School leadership during the COVID-19 crisis: A preliminary case study from China
Alternation Journal: Interdisciplinary Journal for the Study of the Arts and Humanities in Southern Africa
University of KwaZulu-Natal
School of Education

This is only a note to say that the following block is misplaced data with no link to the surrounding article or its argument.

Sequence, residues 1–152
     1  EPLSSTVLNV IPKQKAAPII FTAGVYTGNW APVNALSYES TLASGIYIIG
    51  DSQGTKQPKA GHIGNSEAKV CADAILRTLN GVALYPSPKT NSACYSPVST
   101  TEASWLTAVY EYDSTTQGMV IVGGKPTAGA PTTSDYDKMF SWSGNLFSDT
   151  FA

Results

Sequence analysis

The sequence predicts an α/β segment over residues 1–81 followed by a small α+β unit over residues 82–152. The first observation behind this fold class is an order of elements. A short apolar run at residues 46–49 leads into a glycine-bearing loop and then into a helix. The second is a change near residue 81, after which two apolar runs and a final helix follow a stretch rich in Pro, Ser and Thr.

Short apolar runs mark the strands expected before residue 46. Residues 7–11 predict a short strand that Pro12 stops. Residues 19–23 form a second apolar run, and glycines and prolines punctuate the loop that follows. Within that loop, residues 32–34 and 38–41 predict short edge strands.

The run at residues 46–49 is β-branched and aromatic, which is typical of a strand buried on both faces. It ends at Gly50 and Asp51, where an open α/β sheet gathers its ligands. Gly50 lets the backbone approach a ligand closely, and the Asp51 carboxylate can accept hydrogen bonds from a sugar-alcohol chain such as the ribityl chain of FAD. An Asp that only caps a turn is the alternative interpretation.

This paper presents the initial findings of how a Chinese school leader employed educational leadership over an early period during the coronavirus disease 2019 (COVID-19) crisis. The reported research is one case study, part of a larger study that aims to uncover how school leaders in a variety of international contexts, namely China, Bolivia, and Western Australia, managed and responded to the COVID-19 crisis. Qualitative data collection methods were employed to develop insights into the extent to which school leaders’ roles and approaches to leadership changed over the course of the crisis as well as how the leaders’ approaches were influenced by different contextual factors. This paper focuses on initial findings from one case within the Chinese context which indicate that the school leader’s role and leadership approach was centred on supporting student learning, responding to the needs of student wellbeing, and managing parental concerns and needs, which was supported by the school’s teaching staff. Additionally, the paper shows how different contextual factors, more specifically the wider educational system and the parents, influenced the leader’s response to the COVID-19 at the school level. The study offers important insights into how school leaders responded to the disruptive challenge of COVID-19 and the contextual factors that influenced a leader’s approach. Furthermore, the Wei Zhang, Michelle Striepe & Christine Cunningham 226 findings will contribute to current theoretical understandings about educational leadership during times of crisis.